- Ways to Serve
- Online Giving
When something is new, it feels more like a choice. A child participating in a new sport wonders if it’s really for her. She won’t know, we say, until she experiences it for herself. A couple out on a first date is exploring the possibility of spending more time together. What will their future hold? A young professional feels as though he is trying on a new identity in the workplace. Does this career fit? Does it make sense given who he is as a person? In time, we mature. We become comfortable and confident with who we are. Aware of our preferences, we slide into comfortable rhythms.
For many years, I wrestled with the notion of church as a part of my identity. I wasn’t sure if it would become a valuable resource in my life or if I would leave it behind. Then, in college, I noticed that my interest in the church became more than a curiosity. I realized that I liked it. That I looked forward to it. For me, worship became a joyful way of being, filling not only my Sundays, but the rest of my life with meaning. Until, one day, the Christian journey seemed less like a choice or a decision for me to make, and more like a regular affirmation of the person that I had already become. 
Mine is a curious profession. Each week, the minister stands in the pulpit, wears a robe and a stole, prays, reads from ancient scriptures and seeks to interpret them. The minister regularly confesses faith publicly. There is something about my role, with all of the time spent discerning the nature of God’s will and call, that makes the whole idea of church seem far more normative to me than it actually is. In reality, the worship hour each week represents a dramatic departure for most of us. This is true even for those of us who come here regularly. What we do in church is different.
Here we seek the presence of the divine. Here we maintain that God has something to show us. Here we believe that God is still speaking and that God is calling to us in this moment. Friends, already today God has called us. Away from organizing and taxes. Away from cleaning and DIY projects. Away from attending to professional obligations, or shopping, or exercising, or enjoying just a bit more leisure time on a Sunday morning. Here we are invited to pause, to still our hearts and minds, and to wonder.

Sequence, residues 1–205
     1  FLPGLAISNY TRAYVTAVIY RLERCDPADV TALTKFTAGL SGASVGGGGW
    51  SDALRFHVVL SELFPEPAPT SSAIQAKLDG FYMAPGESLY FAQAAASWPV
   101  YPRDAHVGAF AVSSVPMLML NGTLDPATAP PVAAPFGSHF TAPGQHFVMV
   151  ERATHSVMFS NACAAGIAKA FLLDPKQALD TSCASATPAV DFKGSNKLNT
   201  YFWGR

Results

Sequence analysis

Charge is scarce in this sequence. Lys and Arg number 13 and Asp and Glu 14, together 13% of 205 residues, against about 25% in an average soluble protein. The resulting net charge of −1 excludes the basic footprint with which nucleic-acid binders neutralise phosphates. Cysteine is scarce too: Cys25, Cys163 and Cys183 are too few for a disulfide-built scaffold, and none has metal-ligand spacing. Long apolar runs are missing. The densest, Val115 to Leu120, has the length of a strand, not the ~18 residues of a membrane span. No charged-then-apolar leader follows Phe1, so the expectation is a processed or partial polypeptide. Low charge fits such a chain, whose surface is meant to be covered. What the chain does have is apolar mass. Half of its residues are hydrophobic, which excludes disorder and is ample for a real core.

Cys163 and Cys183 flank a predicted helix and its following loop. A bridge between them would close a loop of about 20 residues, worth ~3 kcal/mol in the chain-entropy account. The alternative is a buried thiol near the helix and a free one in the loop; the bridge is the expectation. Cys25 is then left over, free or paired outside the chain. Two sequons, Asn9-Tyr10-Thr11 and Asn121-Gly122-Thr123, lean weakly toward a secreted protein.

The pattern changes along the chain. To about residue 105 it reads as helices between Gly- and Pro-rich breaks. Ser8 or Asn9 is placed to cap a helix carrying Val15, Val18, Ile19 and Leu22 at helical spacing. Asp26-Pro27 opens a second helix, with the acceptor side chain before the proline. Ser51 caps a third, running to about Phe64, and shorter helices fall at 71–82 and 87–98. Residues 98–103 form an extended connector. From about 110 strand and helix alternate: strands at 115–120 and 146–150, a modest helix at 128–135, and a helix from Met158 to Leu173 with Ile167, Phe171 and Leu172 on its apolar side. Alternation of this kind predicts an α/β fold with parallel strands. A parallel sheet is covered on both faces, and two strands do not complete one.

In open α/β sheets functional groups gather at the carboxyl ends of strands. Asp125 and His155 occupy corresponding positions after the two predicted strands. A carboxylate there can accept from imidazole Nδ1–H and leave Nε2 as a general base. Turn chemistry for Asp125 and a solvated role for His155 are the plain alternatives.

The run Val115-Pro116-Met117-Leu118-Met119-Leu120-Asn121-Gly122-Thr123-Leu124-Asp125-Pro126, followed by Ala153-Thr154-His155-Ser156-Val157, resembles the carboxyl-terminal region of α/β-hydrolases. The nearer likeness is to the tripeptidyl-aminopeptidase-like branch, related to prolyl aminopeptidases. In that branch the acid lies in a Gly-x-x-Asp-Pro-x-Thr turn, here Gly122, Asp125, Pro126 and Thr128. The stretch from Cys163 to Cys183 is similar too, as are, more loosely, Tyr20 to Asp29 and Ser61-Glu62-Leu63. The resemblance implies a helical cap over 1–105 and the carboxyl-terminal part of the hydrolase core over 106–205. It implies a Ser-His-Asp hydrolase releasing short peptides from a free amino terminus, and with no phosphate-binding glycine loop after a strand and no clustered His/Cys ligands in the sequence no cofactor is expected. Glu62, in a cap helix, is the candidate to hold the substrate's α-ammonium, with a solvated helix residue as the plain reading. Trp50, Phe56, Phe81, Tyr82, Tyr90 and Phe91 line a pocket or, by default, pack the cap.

In our second lesson this morning, Jesus asks three of his disciples to go on a journey with him. Whatever intentions they may have had that day would need to be placed on hold because Jesus needs them. He has something to show them. He wants to remind them of God’s purpose for their lives. So he leads them up to a high place where they can more easily receive the gift of that day.
You may already know this, but in antiquity, higher altitudes symbolized “the border zone between earth and heaven, between the material and the spiritual.”  It is no accident, then, that Jesus invites Peter, and James, and John to join him in that liminal space. Because that was the whole point of Jesus ministry – to bring near the kingdom of God on earth.
For their part, the disciples are neither passive nor naïve. They, too, recognize the significance of this location. They know that Moses received the 10 Commandments on a mountain. And they recognize that God often spoke to the prophets from on high. Something meaningful is apt to happen in this place, which means that the disciple’s primary responsibility is to be attentive to whatever it is that God may be saying to them at that moment. When they arrive at the destination, God wastes no time. As if on cue, Jesus is transfigured before them.
In her book, Receiving the Day: Christian Practices for Opening the Gift of Time, Dorothy Bass writes that “Time is not our enemy, nor is it a hostile place from which we must flee.” Instead, “it is a meeting place, a point of rendezvous with God.”  This means that if we are to fully receive this day and, with it, the gift of time itself, then we are wise to free ourselves from life’s many distractions in order to make the space to welcome all that God is doing in our midst.
I want to conclude today by giving you an example of this. Typically, when I pick my children up from school, I ask them, simply, “How was your day?” Two weeks ago, though, I decided to mix things up. And rather than asking, “How was your day?” I said, instead, “Where did you see God today?” And it was amazing to me that by altering that one question, it completely changed the tone of the conversation. Not only did it change the tone of the conversation, but it was memorable.
I know this was the case because when I picked my children up again the next day, I asked, as usual, “How was your day?” But Liam, my oldest, wasn’t having any of it. He said, “Don’t you mean to ask, ‘Where did you see God today?’” As my fourth grader reminded me, each day is not finally a series of events to be recited, but is a gift to be received as bountifully as grace. With this affirmation, surely God is well pleased. May it be so and all thanks be to God. Amen.
 Hauerwas, Stanley. The Peaceable Kingdom: A Primer in Christian Ethics. Notre Dame: University of Notre Dame Press, 2002. Page 130.
 Douglas R.A. Hare, Matthew, Interpretation: A Bible Commentary for Teaching and Preaching, ed. James Luther Mays, Louisville: Westminster John Knox Press, 2009. Page 198.
 Bass, Dorothy C. Receiving the Day: Christian Practices for Opening the Gift of Time. Hoboken: John Wiley & Sons, 2000. Page 11.